July 7th.—I did not enjoy quiet long. First came Martha, who announced her intention of going to search for her sons, as she was free now. I was hardly able to stand since the severe cold taken in the cave that night, but she would not wait a day. A colored woman came in and said she had asked her mistress for wages and she had turned her out (wanting a place). I was in no condition to stand upon ceremony then, and engaged her at once, but hear to-day that I am thoroughly pulled to pieces in Vicksburg circles; there is no more salvation for me. Next came two Federal officers and wanted rooms and board. To have some protection was a necessity; both armies were still in town, and for the past three days every Confederate soldier I see has a cracker in his hand. There is hardly any water in town, no prospect of rain, and the soldiers have emptied one cistern in the yard already and begun on the other. The colonel put a guard at the gate to limit the water given. Next came the owner of the house and said we must move; he wanted the house, but it was so big he'd just bring his family in; we could stay till we got one. They brought boarders with them too, and children. Men are at work all over the house shoveling up the plaster before repairing. Upstairs they are pouring it by bucketfuls through the windows. Colonel D— brought work for H— to help with from headquarters. Making out the paroles and copying them has taken so long they wanted help. I am surprised and mortified to find that two-thirds of all the men who have signed made their mark; they cannot write. I never thought there was so much ignorance in the South. One of the men at headquarters took a fancy to H— and presented him with a portfolio, that he said he had captured when the Confederates evacuated their headquarters at Jackson. It contained mostly family letters written in French, and a few official papers. Among them was the following note, which I will copy here, and file away the original as a curiosity when the war is over.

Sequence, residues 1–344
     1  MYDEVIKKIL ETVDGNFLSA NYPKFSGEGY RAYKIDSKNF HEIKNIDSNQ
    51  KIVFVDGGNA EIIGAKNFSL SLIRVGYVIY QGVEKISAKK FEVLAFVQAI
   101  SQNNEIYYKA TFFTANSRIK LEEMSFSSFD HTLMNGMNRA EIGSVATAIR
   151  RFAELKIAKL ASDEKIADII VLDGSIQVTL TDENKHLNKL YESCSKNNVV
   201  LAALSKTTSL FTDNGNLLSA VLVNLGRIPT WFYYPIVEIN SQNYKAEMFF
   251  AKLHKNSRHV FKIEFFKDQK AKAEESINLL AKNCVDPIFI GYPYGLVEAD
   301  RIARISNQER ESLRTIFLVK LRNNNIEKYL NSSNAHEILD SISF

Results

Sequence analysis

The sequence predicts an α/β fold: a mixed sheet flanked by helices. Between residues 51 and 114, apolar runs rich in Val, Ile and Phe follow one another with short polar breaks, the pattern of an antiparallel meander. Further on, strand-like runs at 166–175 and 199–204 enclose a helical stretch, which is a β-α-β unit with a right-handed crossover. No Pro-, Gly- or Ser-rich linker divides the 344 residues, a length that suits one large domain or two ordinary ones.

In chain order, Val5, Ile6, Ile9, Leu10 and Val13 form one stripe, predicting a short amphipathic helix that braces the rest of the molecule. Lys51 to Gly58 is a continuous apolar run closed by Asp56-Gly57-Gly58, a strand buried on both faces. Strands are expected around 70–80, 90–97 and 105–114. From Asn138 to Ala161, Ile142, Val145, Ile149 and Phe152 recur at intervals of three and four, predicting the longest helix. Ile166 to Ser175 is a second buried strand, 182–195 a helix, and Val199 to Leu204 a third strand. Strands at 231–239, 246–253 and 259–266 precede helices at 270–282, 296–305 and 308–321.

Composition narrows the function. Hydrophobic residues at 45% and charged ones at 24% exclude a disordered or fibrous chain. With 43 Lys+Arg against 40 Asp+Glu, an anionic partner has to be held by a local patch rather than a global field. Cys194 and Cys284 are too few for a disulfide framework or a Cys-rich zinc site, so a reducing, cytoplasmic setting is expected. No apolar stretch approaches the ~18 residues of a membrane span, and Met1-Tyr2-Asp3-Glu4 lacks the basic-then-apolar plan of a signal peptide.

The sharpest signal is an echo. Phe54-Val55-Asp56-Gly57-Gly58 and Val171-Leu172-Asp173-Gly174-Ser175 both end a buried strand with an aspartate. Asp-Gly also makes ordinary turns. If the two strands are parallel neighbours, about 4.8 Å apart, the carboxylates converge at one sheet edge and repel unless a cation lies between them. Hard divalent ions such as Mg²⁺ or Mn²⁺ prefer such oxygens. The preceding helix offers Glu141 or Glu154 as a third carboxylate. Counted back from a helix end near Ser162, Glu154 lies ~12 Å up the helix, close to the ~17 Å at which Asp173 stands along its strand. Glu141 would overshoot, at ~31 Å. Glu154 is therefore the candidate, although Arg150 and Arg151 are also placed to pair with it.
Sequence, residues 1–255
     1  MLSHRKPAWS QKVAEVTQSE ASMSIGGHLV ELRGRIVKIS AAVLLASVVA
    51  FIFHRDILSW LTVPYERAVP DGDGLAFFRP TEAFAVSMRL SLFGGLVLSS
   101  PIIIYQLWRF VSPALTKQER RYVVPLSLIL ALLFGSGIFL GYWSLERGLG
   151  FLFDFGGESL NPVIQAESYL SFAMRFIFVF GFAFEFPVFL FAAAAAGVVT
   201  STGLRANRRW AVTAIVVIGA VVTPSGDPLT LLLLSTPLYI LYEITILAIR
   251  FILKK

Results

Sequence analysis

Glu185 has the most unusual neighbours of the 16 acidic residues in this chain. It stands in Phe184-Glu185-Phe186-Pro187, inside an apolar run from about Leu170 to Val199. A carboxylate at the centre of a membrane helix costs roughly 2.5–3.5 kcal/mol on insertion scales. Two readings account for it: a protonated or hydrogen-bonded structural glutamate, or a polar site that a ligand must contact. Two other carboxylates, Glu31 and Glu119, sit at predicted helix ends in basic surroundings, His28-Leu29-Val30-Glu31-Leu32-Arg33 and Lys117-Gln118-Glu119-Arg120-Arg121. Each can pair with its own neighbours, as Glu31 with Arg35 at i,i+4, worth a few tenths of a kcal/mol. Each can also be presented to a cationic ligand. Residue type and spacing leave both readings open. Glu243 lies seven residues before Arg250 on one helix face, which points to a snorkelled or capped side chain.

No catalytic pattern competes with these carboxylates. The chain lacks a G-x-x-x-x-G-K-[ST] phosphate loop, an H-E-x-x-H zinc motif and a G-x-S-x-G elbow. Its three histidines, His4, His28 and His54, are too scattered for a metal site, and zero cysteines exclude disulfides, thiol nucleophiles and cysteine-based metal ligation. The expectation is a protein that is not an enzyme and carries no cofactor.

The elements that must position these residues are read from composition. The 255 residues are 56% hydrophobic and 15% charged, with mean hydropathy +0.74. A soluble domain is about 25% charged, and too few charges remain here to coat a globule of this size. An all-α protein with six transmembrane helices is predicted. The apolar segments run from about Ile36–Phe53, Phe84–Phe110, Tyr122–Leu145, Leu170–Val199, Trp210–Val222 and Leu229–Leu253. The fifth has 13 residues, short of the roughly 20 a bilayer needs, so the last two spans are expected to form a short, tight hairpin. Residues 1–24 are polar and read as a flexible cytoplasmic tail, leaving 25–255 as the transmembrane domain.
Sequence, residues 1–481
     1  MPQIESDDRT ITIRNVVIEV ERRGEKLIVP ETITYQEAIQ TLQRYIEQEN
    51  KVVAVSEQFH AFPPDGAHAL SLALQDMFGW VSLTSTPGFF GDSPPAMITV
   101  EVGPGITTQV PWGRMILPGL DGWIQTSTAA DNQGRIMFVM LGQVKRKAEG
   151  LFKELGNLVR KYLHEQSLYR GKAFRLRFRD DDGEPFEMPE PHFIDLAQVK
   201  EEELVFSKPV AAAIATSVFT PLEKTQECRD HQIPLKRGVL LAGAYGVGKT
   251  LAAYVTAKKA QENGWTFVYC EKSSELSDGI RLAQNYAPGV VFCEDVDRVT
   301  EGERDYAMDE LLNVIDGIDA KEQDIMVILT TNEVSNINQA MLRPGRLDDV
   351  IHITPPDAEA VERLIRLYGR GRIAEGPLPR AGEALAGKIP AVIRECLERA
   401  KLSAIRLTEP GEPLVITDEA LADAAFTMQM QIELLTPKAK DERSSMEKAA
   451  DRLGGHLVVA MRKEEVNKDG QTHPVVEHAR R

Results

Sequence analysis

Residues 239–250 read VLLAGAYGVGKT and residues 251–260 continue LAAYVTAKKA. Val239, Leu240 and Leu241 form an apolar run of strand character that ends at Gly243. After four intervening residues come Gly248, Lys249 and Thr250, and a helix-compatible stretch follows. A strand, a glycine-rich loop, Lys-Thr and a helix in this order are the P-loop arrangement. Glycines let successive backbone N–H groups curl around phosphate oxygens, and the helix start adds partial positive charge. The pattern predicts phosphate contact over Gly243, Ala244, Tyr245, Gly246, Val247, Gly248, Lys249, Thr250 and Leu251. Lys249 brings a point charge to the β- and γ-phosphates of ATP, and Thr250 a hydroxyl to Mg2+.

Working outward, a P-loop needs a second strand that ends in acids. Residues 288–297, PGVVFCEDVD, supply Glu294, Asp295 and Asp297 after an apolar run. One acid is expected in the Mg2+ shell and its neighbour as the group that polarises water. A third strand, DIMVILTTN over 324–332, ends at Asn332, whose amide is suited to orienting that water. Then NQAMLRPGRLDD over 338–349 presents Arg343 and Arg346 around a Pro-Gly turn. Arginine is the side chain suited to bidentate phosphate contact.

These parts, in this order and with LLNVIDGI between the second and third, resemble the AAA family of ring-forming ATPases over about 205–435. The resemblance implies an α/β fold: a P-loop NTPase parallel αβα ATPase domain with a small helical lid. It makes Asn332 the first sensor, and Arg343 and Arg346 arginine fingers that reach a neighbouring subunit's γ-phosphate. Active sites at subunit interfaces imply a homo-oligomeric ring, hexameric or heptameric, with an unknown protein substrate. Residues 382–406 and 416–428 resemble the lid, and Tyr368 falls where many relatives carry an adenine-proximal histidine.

I would like to know if he tried it and came to grief or abandoned the project. As letters can now get through to New Orleans I wrote there.
July l4th.—Moved yesterday into a house ' I call “Fair Rosamond's bower” because it would take a due of thread to go through it without getting lost. One room has five doors opening into the house, and no windows. The stairs are like ladders, and the colonel's contraband valet won't risk his neck taking down water, but pours it through the windows on people's heads. We sha’n’t stay in it. Men are at work dosing up the caves; they had become hiding-places for trash. Vicksburg is now like . one vast hospital — every one is getting sick or is sick. My cook was taken to-day with bilious fever, and nothing but will keeps me up.
July 23d.—We moved again two days ago.